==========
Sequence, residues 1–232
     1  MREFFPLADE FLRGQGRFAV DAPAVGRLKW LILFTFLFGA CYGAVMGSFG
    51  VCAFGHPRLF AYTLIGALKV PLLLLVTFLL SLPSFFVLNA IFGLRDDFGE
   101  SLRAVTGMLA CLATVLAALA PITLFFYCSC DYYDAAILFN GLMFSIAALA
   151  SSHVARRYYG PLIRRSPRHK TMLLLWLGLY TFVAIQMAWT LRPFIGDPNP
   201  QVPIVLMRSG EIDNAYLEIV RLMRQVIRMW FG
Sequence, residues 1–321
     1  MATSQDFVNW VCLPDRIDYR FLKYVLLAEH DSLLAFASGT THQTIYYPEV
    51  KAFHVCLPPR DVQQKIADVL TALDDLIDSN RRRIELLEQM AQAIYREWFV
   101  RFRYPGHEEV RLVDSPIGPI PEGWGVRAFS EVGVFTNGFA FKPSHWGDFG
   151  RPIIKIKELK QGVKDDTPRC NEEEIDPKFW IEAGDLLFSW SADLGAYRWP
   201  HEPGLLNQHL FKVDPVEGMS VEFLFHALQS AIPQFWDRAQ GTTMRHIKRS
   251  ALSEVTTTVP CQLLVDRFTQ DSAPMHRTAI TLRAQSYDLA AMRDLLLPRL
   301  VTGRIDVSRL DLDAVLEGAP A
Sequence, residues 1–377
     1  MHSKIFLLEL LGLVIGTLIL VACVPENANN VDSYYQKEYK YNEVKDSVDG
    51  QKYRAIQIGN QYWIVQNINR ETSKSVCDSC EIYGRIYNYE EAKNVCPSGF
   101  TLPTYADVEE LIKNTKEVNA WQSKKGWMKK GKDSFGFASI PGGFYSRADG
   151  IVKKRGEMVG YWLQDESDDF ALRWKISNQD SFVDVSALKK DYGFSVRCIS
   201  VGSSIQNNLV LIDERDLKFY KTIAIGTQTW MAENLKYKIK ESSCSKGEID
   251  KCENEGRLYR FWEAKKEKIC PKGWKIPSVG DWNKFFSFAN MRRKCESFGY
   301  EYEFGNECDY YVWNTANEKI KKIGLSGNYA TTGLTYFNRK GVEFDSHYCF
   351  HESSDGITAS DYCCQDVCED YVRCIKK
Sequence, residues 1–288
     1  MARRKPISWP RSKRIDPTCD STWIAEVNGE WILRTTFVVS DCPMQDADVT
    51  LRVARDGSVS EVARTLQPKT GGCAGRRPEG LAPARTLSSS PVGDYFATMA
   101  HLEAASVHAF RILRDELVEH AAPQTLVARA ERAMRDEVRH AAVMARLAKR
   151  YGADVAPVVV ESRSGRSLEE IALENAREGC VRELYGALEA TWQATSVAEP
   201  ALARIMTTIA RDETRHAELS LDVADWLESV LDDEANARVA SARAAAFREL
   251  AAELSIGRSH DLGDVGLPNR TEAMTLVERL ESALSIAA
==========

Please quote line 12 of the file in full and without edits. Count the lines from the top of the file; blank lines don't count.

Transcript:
   201  HEPGLLNQHL FKVDPVEGMS VEFLFHALQS AIPQFWDRAQ GTTMRHIKRS